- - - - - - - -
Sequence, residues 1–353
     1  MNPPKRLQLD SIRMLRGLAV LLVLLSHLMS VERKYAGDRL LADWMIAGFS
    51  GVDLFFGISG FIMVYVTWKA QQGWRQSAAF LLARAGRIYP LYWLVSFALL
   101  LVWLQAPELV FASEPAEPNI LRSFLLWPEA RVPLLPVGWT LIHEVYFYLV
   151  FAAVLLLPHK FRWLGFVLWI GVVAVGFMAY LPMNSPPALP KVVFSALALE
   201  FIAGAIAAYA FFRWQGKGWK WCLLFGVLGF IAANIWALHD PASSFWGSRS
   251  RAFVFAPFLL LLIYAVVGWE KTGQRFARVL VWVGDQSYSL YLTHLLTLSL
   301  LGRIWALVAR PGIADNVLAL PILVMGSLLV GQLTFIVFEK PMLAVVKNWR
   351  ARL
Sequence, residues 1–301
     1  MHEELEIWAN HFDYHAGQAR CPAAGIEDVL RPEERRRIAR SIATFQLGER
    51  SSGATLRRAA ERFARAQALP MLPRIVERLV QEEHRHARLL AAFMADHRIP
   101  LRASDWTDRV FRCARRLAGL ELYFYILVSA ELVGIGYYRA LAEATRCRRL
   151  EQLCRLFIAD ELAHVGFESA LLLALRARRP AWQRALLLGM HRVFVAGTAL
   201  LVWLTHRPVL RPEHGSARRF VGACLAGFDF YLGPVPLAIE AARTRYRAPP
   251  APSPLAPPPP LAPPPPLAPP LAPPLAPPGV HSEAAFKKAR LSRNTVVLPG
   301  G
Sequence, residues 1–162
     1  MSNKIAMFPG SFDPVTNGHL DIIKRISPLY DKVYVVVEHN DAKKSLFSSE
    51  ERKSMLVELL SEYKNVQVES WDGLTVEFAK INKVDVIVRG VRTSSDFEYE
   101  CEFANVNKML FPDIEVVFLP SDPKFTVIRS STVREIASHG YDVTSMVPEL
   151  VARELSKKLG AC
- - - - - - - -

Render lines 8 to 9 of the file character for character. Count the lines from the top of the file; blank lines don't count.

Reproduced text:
   301  LGRIWALVAR PGIADNVLAL PILVMGSLLV GQLTFIVFEK PMLAVVKNWR
   351  ARL